|Space Telescope Science Institute|
|FGS Instrument Handbook|
The term “exposure-level processing” refers to pipeline corrections that are applied to the individual FGS observations. These are discussed in this section.Regardless of the observing mode, several activities are carried out during the initialization of the astrometry pipeline. This begins with the usual file management, data quality assessments, and the determination of the required reference files and their availability status. At this early stage, the data are inspected to determine the identification of the astrometer FGS, its mode of operation, and the availability of guide star data from the guiding FGSs. The astrometer’s data are inspected to evaluate the outcome of the Search, CoarseTrack, and FineLock target acquisitions, while the guide star data are inspected to identify the guiding mode (i.e., was the spacecraft guided by one or two guide stars, and were the guide stars tracked in FineLock?).If the astrometry target acquisition failed, the FGS flags and status bits are inspected to determine the cause. In this case, data processing proceeds as far as possible (in the event that the observation was a partial success), output files are generated and populated appropriately, and pipeline processing of the observation terminates.After pipeline initialization and data quality assessments, successful observations (i.e., those that acquired the target), are processed according to the FGS observation mode: Position or Transfer.The goal of exposure-level Transfer mode pipeline processing is to determine the centroid of the IFOV while the FGS tracked the object in FineLock. A collateral objective is to analyze the individual PMT data, both to determine the small angle corrections that need to be applied to the centroids as well as to provide photometric information about the target and the sky background.The guide star data are analyzed in the same way as the astrometer data, over the identical intervals of time. For example, the guide star centroids and average photometry are computed over the time the astrometer was in FineLock.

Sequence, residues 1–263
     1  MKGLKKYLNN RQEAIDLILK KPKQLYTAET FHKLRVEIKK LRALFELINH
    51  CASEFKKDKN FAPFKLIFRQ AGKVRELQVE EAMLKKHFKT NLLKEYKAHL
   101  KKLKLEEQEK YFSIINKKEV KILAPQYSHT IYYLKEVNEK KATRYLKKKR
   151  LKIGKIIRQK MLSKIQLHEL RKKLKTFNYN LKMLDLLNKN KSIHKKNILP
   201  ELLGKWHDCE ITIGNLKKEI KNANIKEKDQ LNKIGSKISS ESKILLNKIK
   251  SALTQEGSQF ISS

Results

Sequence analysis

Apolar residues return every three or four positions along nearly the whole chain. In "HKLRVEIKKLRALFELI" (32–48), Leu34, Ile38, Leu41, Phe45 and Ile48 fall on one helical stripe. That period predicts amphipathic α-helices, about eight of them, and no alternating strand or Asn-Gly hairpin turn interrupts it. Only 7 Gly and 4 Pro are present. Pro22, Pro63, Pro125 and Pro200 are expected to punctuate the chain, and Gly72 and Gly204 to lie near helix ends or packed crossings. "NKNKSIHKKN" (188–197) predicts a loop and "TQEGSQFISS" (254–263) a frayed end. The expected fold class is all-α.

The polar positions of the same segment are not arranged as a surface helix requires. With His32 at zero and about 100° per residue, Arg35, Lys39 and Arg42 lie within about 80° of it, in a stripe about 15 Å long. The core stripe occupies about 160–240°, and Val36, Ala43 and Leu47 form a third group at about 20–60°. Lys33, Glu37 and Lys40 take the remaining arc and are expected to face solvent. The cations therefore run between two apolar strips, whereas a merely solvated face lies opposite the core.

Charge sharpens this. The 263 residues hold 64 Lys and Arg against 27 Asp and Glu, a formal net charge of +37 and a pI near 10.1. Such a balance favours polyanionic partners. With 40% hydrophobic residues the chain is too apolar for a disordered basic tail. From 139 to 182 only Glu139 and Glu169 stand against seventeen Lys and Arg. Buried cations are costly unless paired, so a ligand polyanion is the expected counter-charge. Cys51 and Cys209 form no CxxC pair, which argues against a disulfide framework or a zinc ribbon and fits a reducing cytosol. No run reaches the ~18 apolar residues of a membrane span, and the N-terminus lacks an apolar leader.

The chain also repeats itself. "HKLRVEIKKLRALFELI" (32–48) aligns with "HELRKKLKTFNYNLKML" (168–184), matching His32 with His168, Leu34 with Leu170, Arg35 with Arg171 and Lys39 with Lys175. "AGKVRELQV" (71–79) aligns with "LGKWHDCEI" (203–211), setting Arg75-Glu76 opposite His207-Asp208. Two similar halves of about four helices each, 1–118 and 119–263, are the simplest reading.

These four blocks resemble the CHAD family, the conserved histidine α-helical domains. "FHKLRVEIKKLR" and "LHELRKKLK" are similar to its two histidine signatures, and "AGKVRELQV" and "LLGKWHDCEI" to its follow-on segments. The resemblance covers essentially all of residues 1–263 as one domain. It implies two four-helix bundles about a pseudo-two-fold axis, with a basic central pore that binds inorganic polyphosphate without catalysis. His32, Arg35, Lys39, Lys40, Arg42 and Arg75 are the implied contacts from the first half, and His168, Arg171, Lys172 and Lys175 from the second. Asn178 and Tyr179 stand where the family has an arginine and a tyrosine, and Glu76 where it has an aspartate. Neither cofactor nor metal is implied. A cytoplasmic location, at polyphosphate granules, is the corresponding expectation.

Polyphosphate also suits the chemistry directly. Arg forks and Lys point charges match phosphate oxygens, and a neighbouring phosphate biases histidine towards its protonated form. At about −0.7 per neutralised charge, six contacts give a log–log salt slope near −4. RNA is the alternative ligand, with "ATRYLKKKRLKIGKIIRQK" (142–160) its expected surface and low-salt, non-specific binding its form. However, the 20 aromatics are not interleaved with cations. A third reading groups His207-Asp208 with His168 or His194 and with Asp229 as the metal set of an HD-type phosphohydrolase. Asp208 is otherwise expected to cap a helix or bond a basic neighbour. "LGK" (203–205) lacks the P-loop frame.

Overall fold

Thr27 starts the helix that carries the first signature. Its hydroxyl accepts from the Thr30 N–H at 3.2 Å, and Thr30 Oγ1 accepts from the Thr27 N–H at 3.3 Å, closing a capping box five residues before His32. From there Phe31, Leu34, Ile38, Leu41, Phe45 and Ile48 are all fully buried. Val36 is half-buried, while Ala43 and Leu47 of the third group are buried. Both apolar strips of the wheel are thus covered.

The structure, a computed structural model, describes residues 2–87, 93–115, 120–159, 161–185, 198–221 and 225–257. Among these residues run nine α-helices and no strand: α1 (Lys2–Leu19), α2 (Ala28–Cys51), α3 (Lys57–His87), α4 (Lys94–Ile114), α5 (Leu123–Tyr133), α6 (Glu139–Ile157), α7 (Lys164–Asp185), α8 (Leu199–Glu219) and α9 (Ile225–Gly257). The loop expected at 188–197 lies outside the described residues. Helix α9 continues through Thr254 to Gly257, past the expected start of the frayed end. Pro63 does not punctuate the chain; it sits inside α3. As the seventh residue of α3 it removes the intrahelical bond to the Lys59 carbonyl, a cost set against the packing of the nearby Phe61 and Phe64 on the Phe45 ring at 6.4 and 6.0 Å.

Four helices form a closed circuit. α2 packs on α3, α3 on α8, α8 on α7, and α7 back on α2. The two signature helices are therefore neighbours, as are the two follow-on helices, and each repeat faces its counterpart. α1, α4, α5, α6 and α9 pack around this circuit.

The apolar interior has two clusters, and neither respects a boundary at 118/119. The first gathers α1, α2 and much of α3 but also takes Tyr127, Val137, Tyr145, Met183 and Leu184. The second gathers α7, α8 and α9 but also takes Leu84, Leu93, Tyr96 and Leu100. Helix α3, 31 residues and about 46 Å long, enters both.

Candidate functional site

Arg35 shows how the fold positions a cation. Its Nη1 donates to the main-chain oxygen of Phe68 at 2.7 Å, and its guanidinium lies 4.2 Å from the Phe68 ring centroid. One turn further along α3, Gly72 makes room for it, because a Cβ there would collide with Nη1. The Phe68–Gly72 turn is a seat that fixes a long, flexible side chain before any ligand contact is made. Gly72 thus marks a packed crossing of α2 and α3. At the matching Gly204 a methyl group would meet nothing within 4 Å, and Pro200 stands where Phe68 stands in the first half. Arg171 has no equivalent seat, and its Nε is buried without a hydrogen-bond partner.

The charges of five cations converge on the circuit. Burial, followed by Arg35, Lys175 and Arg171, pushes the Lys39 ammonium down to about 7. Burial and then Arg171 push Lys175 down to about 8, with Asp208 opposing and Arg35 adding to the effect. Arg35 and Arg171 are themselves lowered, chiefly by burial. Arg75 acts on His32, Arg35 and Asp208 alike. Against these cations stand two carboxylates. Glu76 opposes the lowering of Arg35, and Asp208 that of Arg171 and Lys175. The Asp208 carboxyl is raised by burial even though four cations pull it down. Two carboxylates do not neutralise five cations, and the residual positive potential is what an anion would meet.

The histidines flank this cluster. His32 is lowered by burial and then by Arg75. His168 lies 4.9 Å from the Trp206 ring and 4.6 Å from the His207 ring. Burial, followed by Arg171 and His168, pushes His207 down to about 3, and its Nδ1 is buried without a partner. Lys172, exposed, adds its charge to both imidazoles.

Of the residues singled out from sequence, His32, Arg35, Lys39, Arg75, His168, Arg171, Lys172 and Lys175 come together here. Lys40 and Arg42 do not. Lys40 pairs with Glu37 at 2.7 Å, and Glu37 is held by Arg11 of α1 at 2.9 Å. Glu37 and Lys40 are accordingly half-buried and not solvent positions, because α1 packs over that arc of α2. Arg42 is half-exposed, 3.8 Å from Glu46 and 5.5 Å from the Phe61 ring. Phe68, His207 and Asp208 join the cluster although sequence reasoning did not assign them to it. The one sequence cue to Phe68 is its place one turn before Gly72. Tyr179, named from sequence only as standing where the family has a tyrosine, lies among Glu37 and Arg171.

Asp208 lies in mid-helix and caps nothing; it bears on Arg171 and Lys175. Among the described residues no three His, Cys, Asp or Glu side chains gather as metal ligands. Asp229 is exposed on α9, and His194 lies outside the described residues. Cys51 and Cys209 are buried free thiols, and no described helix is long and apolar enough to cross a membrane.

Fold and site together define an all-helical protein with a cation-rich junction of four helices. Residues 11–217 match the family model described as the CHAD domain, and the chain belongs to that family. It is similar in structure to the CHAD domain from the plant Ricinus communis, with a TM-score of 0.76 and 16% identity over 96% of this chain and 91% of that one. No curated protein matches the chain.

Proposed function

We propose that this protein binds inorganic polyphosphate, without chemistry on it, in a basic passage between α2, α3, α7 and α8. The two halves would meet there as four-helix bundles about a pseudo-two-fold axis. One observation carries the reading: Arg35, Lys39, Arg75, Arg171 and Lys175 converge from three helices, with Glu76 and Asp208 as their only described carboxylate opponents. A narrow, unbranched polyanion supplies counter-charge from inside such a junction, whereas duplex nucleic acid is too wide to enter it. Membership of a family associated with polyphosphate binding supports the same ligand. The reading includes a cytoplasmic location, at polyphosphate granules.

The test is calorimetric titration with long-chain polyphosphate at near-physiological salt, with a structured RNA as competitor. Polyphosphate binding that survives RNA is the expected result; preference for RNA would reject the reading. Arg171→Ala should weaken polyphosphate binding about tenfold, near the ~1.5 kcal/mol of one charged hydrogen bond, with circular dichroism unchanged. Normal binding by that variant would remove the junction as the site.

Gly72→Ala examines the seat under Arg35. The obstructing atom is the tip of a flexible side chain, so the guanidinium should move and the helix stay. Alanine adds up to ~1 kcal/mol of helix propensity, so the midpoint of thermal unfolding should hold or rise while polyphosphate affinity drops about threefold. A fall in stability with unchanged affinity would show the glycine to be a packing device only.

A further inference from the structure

4. Steps 1 and 2 are carried out in calfgsa, while steps 3 and 4 are performed in calfgsb. Please see Figure 7.1 and Figure 7.3, the flow chart descriptions of calfgsa and calfgsb respectively.During a Transfer mode observation, the data retrieved from the astrometric FGS will include PMT counts and star selector positions from the slew of the IFOV to the target object, the Search and CoarseTrack target acquisition, and the individual Transfer scans. Corresponding data acquired from the guiding FGSs will include FineLock tracking of the guide stars.The astrometer’s data are analyzed to evaluate the background counts, if available (see Chapter 7), and to locate and extract the individual scans. For each scan, the guide star centroids are computed and corrected for differential velocity aberration. Output files are generated with the appropriate information.The data from the individual scans are used to compute the Transfer Function over the scan path. The quality of each scan is evaluated for corruption from high amplitude, high frequency spacecraft jitter, and, if unacceptably large, the scan is disqualified from further analysis.The remaining scans are cross correlated, shifted as needed, binned as desired, and co-added to enhance the signal to noise ratio. The co-added Transfer Function can be smoothed if need be. The analysis tool which performs these functions is available from STScI. It is currently implemented as a standalone executable (FORTRAN + C) in the UNIX environment.Although not part of pipeline processing, the analysis of observations of binary stars and extended objects will be briefly described here for completeness.The Transfer Function of a binary system will be deconvolved, by use of the standard reference S-Curves of single stars from the calibration database, into two linearly superimposed point source S-Curves, each scaled by the relative brightness and shifted by the projected angular separation of the binary’s components. This provides the observer with the angular separation and position angle of the components as well as their magnitude difference. These results will be combined with those obtained from observations at different epochs to compute the system’s relative orbit.For observations of an extended source, such as the resolved disk of a giant star or solar system object, the co-added Transfer Function will be analyzed to determine the angular size of the object. This involves application of a model which generates the Transfer Function of synthetic disks from point source S-Curves from the calibration database.Transfer mode observations are processed by calfgsa to the point of locating and extracting the individual scans and computing the guide star centroids. Support for additional processing - including the automation of the data quality assessment (identifying those scans which have been unacceptably corrupted by space craft jitter, for example) and the cross correlation and co-adding of the individual scans - are available as data analysis tools. Upgrades to calfgsa will be noted on the FGS Web page. Figure 7.2 displays the processing steps performed by the current version of calfgsa for Transfer mode observations.